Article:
Massachusetts craft breweries have, for years now, been fighting for more legal freedom to switch wholesalers, arguing outdated regulations unfairly lock businesses into contracts with no way out. Also for years now, the state’s distributors have stood against them, countering that such changes would lead to small brewers, as well as large volume players that are integral to wholesaler portfolios, axing partnerships without good cause.
Tuesday, though, wholesalers took their first major step toward concession, testifying at the state house in support of a new bill that, if passed, would loosen regulations as they relate to contract termination for the vast majority of the state’s craft brewers. By lending their considerable political weight to an initiative to bring about reform, distributors have essentially softened their staunch opposition, a 180-degree turn that has left brewers feeling confident real change is not only possible, but is imminent.
“For 10 years, we were a solution without a problem,” Dan Cence, a lobbyist for the Massachusetts Brewers Guild with Solomon & McCown, tells GBH. “Now we’re talking about ‘what’ as opposed to ‘if.’ And that’s a tectonic shift.”
Under the status quo, as established 46 years ago now and long championed by wholesalers, brewers can, in fact, cut ties with distributor partners. But to do so, they must show “good cause,” which brewers say can be difficult to prove and cost small businesses thousands if not millions in legal fees without any guarantee they’ll win the necessary appeal from the state’s liquor control board. So in one sense, this move toward the middle is a good sign for brewers. But they aren’t ready to shake hands just yet. They, too, were at the state house Tuesday to oppose the bill while standing in support of two separate competing bills that attempt to provide them with even more latitude than what wholesalers are yet willing to abide. Meaning, this fight ain’t over yet.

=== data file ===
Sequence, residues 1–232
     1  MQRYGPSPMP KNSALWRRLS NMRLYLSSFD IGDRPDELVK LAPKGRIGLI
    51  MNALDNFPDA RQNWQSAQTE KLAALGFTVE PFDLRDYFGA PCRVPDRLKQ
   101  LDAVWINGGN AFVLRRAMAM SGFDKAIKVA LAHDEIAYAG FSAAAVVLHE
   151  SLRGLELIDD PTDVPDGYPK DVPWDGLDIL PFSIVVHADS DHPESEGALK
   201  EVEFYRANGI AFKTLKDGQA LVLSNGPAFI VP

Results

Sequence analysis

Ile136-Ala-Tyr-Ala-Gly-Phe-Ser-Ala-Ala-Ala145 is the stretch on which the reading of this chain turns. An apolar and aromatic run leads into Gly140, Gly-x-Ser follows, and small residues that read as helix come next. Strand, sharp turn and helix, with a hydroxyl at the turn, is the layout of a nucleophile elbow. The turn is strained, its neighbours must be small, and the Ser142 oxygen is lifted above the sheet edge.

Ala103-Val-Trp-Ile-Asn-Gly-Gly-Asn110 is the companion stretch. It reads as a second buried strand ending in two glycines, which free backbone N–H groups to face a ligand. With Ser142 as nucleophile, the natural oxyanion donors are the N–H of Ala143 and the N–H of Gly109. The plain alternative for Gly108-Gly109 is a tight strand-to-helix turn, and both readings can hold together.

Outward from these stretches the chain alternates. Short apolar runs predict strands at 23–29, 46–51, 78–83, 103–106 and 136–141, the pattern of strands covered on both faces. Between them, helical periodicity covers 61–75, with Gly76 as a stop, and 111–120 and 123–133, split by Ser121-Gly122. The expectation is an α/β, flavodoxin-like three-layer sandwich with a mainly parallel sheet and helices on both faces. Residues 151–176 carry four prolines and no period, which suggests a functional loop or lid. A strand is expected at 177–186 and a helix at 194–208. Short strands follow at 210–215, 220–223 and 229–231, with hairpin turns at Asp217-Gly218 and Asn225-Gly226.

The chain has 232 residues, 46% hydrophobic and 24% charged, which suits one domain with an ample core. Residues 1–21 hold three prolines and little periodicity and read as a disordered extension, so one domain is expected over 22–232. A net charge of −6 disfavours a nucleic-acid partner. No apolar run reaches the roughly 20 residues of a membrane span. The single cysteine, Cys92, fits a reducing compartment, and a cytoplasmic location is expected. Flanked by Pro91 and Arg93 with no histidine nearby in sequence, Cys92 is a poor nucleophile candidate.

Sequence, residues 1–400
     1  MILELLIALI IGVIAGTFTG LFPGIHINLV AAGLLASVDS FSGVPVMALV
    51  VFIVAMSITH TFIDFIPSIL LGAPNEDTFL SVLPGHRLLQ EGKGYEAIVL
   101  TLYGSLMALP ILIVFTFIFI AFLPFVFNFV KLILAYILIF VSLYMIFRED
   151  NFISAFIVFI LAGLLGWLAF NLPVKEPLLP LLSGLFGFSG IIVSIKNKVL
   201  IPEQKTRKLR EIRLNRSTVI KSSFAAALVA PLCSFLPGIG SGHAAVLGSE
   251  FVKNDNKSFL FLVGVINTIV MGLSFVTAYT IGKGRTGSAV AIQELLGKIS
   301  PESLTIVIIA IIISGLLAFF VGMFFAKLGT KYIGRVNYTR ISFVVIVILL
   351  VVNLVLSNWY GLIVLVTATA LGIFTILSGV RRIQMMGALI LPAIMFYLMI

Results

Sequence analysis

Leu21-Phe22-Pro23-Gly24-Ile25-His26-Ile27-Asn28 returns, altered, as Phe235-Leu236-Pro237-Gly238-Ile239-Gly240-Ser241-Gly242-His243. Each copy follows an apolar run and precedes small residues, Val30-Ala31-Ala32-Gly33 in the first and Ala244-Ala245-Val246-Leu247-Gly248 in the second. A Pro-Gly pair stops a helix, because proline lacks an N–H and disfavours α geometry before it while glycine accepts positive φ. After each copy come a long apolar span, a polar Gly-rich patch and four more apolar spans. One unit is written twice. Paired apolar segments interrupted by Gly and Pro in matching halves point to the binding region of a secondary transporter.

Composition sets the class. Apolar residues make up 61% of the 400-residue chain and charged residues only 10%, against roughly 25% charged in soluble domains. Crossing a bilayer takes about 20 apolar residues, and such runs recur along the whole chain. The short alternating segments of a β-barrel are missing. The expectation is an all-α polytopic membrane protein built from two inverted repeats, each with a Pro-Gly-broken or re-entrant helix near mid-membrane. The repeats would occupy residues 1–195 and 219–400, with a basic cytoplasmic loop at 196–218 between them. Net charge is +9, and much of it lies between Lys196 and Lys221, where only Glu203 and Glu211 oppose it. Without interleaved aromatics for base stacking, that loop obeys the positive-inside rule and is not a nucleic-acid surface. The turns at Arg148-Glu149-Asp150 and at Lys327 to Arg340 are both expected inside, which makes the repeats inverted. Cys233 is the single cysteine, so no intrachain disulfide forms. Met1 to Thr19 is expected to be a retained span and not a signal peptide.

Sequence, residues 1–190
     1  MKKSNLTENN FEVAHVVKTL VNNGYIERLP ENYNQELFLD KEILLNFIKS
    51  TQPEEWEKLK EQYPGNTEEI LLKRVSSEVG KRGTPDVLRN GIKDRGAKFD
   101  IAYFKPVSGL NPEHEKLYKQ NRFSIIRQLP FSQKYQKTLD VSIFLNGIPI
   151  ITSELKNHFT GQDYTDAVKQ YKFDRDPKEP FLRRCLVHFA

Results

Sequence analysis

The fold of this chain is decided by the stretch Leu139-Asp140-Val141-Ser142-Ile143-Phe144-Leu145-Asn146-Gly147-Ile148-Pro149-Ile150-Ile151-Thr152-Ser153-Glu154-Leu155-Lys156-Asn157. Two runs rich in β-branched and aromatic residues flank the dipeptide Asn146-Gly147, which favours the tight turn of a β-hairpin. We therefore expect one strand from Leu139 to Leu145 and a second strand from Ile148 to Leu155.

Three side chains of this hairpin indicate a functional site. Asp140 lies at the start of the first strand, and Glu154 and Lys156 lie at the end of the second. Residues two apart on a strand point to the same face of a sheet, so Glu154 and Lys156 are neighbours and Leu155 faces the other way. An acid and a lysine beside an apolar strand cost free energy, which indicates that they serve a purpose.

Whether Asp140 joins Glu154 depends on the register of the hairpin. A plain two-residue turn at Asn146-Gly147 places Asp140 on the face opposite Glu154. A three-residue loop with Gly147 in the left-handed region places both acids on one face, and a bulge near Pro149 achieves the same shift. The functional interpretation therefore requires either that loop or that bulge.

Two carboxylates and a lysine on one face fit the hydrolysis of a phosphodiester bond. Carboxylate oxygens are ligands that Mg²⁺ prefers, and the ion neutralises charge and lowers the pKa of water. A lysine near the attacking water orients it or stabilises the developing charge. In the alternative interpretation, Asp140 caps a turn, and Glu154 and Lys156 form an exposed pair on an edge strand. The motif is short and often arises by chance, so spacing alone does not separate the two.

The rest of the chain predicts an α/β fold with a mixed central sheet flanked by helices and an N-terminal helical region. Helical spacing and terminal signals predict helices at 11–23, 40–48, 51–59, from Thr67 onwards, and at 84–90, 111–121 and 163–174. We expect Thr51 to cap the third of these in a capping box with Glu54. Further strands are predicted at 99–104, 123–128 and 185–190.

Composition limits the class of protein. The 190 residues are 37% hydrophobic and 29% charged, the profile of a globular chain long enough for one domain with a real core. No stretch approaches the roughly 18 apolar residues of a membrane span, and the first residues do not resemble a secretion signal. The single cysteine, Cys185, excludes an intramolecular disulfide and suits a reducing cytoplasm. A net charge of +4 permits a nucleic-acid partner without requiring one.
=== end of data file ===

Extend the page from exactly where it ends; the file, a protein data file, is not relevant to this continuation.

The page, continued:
Laid out, the wholesalers’ bill—H.2823—would allow breweries that produce less than 30,000 barrels annually to terminate a contract with a wholesale partner on the condition that the brewery provide the wholesaler 90 days notice. Furthermore, the affected wholesaler would be compensated fair market value for the brand, nebulously defined in the bill as the price a brand would sell for “in an arms length transaction between a willing buyer and a willing seller…and both having reasonable knowledge of the relevant facts.” Distributors are calling this compromise the “97% solution,” because it would grant more leeway to all but the largest craft brewers in the state.
Conversely, the first or two brewer-backed bills—H.183—would enable beer makers whose brands account for less than 20% of a wholesaler’s total sales in the prior calendar year to sever business ties with 120 days notice. As outlined, the successor wholesaler would then pay the affected wholesaler an amount equal to fair market value. The other bill here—S.136—disregards sales volume entirely and puts forward that any manufacturer, per “the parties’ agreement, the law of contracts, and/or other generally-applicable provisions and principles of commercial law,” can discontinue wholesaler relationships with 120 days notice. The latter bill effectively does away with franchise laws.